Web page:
Fortunately, MFA offers an excellent defense against password-related account compromise. According to Open Web Application Security Project (OWASP), MFA is “by far the best defense against the majority of password-related attacks.”

MFA is used to protect accounts and resources across a variety of industries and comes in myriad forms to accommodate various use cases. However, it remains woefully under-adopted in many areas, especially in consumer products and services. With some solutions, MFA can be overly complex or prohibitively costly to implement.

Balancing security and usability has historically been very difficult, with industry trends often overcompensating in one direction, then the other, causing even more user frustration. Fortunately, Froxt makes it easy for you to provide the security of MFA without the poor user experience of having to provide a second factor with each login attempt.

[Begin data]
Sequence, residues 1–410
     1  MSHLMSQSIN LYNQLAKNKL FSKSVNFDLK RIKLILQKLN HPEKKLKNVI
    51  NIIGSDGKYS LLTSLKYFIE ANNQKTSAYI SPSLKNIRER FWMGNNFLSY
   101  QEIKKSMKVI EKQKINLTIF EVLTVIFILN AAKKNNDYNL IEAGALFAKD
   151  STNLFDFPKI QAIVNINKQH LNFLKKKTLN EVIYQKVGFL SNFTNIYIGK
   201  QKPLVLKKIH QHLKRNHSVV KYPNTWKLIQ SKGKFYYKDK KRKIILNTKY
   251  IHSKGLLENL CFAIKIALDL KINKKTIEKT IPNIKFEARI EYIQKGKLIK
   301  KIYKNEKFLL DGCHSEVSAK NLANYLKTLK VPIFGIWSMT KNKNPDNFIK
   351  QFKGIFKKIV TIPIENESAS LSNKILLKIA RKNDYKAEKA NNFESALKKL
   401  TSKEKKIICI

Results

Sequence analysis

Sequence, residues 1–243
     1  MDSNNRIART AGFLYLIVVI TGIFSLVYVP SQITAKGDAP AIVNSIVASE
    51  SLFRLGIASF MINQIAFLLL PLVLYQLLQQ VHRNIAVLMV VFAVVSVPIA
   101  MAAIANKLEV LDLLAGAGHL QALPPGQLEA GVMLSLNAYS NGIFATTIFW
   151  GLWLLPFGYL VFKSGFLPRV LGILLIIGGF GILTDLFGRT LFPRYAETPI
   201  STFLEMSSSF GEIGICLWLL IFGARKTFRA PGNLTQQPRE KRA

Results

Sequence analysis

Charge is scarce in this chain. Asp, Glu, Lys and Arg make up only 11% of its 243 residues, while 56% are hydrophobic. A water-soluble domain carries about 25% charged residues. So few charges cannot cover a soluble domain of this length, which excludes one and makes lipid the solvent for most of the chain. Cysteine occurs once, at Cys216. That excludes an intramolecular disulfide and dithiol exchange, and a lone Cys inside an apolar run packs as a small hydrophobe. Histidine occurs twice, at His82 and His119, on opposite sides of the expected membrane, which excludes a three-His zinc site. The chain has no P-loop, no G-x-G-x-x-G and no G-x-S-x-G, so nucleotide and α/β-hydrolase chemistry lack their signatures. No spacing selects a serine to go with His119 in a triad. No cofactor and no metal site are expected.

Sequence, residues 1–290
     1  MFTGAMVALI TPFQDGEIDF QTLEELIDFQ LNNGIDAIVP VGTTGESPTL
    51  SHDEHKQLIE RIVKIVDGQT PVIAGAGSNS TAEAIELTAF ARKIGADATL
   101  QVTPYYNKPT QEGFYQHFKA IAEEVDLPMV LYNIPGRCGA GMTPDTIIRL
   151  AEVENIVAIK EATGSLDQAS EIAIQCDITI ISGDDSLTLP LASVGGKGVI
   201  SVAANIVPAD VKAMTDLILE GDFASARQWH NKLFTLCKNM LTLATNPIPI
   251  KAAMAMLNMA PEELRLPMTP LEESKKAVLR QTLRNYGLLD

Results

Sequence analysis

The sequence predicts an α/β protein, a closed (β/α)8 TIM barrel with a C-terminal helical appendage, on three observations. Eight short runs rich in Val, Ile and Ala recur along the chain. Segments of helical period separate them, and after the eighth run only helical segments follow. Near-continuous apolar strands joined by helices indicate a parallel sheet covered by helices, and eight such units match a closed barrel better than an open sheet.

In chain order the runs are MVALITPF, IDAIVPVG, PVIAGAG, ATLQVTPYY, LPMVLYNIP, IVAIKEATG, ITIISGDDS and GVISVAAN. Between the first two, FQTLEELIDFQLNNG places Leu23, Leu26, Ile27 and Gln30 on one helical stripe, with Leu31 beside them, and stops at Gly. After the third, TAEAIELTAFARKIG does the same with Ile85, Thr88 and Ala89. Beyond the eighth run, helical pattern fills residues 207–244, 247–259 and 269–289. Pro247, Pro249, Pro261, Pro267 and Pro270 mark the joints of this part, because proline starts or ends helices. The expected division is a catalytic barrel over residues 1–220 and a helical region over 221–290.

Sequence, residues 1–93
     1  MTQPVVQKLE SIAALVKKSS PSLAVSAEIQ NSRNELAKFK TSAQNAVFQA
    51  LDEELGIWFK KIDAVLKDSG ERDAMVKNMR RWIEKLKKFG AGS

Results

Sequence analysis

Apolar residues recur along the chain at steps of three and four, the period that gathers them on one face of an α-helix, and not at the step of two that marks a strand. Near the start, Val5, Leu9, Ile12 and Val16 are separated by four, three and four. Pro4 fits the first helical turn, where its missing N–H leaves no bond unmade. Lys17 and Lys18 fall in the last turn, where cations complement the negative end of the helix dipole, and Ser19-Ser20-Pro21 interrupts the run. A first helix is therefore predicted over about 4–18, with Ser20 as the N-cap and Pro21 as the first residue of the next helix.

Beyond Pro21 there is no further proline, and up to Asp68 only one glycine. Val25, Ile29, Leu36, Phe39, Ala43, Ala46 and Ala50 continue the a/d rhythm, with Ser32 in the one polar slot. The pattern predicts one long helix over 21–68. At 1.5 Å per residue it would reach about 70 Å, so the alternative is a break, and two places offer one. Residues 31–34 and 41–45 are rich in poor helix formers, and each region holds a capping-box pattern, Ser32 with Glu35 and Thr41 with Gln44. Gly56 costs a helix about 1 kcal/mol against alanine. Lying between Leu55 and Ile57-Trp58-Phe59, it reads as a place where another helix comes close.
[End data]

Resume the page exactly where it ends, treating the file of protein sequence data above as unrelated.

Introducing Adaptive MFA

Adaptive MFA bridges the gap between user experience and account security by providing a secondary factor for end-users but only prompting them for secondary verification when the primary factor login looks suspicious or unusual. For example, if the user logs in from a new device or logs in from previously unseen geolocation, these signals can indicate low confidence that a login attempt is legitimate and that the user should be prompted to authenticate via the second factor.

By only prompting for second-factor authentication when confidence is low, users who access applications on a regular basis from the same device and location never have to be interrupted with a second-factor prompt.

Froxt is pleased to announce that Adaptive MFA is available for all hosted customers as of Feb 1, with Private Cloud availability in the first quarter of 2022.

Froxt Adaptive MFA